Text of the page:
Baldwin City In the middle of his sophomore season as a forward on the Baker University soccer team, Derek Doerfler suffered a Lisfranc injury in his left foot. Although he had corrective surgery, the pain was too great, and his brief collegiate soccer career came to an end in 2005.
Two years later, though, Doerfler's kicking prowess still is on display on the Baker campus ... on the Liston Stadium gridiron.
Doerfler traded in his Wildcats soccer kit for football pads prior to the 2006 season and eventually used his right foot to kick his place into Baker football history. He booted a school-record 57-yard field goal this season in the home opener against Culver-Stockton.
The transition from soccer to football was not automatic for Doerfler, however. When he knocked on football coach Mike Grossner's office door to introduce himself and tell the coach he was interested in kicking for Baker, he never even had played organized football.
The Lee's Summit North (Mo.) high school product played only soccer and tennis in his prep days. So when Grossner asked Doerfler for some film of him kicking, he had to think on his feet.
With literally no footage of him playing football in existence, Doerfler grabbed a football and a buddy and headed to an open practice field on a windy day in Baldwin City and started kicking the pigskin while his friend shot the footage Grossner needed.
"It was hard to judge how far he was kicking it," Grossner recalled of the video, "but you could tell he had a live leg."
The video evidence won Doerfler an invite to camp, where he would have to unseat incumbent kicker Ryan Smith if he wanted to get playing time.
Initially, Smith was the clear favorite.
"(Doerfler) was inconsistent," Grossner said. "It was going to take a lot to have Ryan's job taken away as a kicker."
Smith tutored his understudy on the finer points of kicking - from field goals and kickoffs, to pooches and onside kicks - and the former soccer player started transforming into a football kicker.
Grossner made note of the improvement. As Smith, who also is Baker's punter, struggled a little with his kickoff and field goal duties in the last two weeks of the 2006 season, Grossner told Doerfler to be ready just in case.
In the season finale against Lindenwood, Smith missed a field-goal attempt, and Grossner made up his mind.
"I pulled the trigger right there," Grossner said, and he told his backup kicker to get ready.
Doerfler's first field-goal attempt, ever, came from 46 yards out in the second half of a tight game. He nailed it. Baker won, 23-10, and in the offseason Grossner knew he had a new kicker.
To this day, Doerfler still is appreciative of Grossner, not just for giving him the opportunity, but for even listening to him when he knocked on his door.
"I couldn't have done it without coach," Doerfler said of his rise to the starting spot.
That appreciation was readily apparent in the offseason. As Doerfler traveled to kicking combines and scouting events in Houston, Las Vegas and Tampa, Fla., to develop his new-found skill, his powerful right leg brought him recognition.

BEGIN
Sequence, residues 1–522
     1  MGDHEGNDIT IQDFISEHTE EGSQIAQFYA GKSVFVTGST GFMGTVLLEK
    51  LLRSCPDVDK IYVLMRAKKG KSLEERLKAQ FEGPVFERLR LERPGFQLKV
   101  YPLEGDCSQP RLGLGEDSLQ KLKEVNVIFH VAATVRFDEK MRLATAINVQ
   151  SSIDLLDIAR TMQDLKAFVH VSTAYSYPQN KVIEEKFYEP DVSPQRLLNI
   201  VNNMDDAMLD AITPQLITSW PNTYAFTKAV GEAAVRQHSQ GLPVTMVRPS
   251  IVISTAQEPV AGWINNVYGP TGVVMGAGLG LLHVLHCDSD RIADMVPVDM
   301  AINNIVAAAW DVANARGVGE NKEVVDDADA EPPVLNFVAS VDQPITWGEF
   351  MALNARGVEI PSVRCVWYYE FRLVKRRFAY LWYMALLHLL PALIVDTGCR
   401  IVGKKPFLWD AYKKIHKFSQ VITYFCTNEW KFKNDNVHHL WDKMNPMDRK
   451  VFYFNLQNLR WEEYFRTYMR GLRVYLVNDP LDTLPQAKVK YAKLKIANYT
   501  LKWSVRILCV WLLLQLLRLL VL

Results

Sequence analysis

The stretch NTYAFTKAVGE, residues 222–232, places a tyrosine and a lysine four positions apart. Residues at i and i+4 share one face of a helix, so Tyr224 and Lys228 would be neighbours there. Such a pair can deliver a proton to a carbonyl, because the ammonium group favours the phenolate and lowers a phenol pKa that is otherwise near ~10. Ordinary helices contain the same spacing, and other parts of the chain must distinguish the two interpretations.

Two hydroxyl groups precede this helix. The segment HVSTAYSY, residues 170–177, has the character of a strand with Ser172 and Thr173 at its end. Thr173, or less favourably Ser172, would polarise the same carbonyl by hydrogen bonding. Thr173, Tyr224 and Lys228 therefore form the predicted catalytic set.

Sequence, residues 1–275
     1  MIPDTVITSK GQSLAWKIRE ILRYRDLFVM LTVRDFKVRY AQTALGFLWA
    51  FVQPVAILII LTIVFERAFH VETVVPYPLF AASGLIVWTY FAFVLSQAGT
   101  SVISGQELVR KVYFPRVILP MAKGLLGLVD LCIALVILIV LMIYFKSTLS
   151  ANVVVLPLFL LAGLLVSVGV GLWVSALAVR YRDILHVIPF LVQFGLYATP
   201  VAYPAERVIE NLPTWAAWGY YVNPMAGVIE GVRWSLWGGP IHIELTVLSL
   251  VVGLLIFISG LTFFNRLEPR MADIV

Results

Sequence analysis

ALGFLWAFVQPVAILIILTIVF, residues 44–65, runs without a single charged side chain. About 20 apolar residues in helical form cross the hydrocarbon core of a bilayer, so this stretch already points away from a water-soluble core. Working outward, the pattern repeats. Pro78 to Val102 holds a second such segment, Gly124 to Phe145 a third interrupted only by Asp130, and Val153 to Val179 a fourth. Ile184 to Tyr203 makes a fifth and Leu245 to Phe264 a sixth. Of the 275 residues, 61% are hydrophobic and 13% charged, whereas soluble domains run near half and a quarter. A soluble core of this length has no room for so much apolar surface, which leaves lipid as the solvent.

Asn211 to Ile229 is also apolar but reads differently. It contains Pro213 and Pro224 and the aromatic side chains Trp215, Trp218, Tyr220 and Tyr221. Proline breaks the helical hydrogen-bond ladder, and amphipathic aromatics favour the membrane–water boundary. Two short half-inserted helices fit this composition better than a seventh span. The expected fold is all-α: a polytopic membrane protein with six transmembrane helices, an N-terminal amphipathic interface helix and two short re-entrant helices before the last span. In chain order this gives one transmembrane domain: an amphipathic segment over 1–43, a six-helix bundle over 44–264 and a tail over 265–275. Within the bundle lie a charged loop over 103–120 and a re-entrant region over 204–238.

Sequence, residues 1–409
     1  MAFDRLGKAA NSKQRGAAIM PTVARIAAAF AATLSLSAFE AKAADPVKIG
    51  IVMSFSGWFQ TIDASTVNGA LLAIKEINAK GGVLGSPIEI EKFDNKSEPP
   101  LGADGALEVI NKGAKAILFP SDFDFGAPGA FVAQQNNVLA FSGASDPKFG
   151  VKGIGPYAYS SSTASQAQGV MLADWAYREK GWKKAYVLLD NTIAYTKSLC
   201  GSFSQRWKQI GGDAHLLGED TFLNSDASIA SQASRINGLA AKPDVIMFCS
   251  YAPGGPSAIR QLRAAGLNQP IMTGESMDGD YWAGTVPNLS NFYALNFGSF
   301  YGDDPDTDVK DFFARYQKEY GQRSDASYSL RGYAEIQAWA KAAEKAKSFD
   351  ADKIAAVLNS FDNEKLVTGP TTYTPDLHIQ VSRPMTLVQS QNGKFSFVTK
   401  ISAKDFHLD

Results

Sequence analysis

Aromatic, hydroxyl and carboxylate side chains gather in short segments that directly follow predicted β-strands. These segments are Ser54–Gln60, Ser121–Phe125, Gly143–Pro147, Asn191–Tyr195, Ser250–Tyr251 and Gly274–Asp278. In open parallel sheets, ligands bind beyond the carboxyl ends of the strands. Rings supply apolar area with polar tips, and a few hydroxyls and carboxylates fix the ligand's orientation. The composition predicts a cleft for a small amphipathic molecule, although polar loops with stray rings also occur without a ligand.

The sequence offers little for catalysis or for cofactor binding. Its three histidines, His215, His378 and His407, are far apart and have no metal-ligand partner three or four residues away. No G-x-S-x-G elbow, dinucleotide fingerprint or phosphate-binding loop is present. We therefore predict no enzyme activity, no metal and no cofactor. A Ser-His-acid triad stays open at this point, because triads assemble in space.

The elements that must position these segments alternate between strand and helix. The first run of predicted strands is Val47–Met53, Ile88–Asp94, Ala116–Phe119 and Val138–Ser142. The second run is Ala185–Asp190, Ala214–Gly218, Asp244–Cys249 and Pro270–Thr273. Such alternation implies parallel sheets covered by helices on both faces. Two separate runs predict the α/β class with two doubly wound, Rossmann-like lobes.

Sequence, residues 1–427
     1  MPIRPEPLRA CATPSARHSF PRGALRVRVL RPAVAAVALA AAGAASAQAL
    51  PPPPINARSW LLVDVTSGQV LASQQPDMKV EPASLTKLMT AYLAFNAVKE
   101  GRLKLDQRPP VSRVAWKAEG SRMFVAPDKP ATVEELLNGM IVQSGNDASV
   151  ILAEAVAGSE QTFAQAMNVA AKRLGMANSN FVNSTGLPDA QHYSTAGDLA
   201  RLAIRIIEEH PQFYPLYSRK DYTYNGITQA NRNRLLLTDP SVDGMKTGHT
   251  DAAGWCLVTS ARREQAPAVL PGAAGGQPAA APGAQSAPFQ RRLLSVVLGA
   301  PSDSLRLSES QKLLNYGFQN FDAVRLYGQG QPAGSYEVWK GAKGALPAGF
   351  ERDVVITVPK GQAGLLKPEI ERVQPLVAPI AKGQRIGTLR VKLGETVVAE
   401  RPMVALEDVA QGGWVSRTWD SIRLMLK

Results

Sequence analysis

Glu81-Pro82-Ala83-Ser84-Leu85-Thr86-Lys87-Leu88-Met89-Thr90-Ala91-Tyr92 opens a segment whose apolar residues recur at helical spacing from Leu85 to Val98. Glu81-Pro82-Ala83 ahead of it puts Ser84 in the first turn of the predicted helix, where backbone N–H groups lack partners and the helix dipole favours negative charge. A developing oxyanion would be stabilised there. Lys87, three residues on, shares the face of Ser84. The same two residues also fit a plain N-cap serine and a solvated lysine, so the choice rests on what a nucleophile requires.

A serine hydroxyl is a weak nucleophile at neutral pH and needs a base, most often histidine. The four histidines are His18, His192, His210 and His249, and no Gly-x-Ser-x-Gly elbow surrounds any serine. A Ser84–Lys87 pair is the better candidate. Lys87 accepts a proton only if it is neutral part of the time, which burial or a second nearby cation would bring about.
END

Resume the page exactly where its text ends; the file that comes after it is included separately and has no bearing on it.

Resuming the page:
The father of a Florida University punter in attendance was so wowed he got Doerfler on the phone with Gator coach Urban Meyer.
Paul Assad, who ran the events and has football contacts throughout the country, told Doerfler he might have an opportunity to play for the Colorado Buffaloes.
But the NAIA kicker shrugged off the idea of moving to an NCAA program.
"I had to stay at Baker. Coach let me on the team, and I can't thank him enough for that," Doerfler said. "I would feel terrible leaving."
The loyalty was not lost on Grossner.
"We kept him here, and he's just a great threat," the Baker coach said, boasting of the record-long field goal Doerfler kicked: "57 is a school record anywhere."
While Colorado and Florida have national name recognition, Baker's coach said kicking is a unique football job that is not about what level the athlete is playing at, but his ability to perform.
Doerfler has the ability. He has hit seven of eight field goal tries this year and his lone miss - a 58-yarder against Benedictine - would have broken his still-fresh record.
Smith, now Doerfler's holder, has been kicking for eight years and was blown away at his roommate's development.
"It takes time to really get into it, and he's gotten better faster than anyone I've ever seen," Smith said. "Derek's come a long way. He's almost lights out."
The now-confident Doerfler rarely feels he is out of his range.
"Coach, I'm good from 65 today," he told Grossner at Lindenwood on Sept. 15.
His coach didn't laugh. He just nodded his head.
"If he tells me that, then it's stuck in my mind," Grossner said, explaining that if Baker needed a game-winner he would have no problem lining it up from whatever distance Doerfler felt comfortable with on a given day.
The junior's comfort and confidence levels also were developed during the summer, when Doerfler had a sales and marketing internship with the Kansas City Chiefs. At the end of his workday he would head over to the Chiefs practice facility to hone his skill and once - on turf, indoors, with no conditions - nailed a 72-yard field goal.
With that in mind, Doerfler aspires to be a pro kicker one day.
"Hopefully, I'll get a tryout somewhere after I'm done here at Baker," he said.
Grossner thinks Doerfler has unlimited potential and could have a future as a pro.
"He's got a good leg. He hits it between the two poles. There's a need for that at all levels," Grossner said.
"The Record-Breaker" - as a handful of teammates has dubbed him - isn't too concerned with the professional ranks right now. The junior has this year and next to keep kicking for the Wildcats (2-3) and possibly erase his 57-yarder from the Baker record books.
"If coach gives me the chance," Doerfler said, "I'd love to go out there and beat it."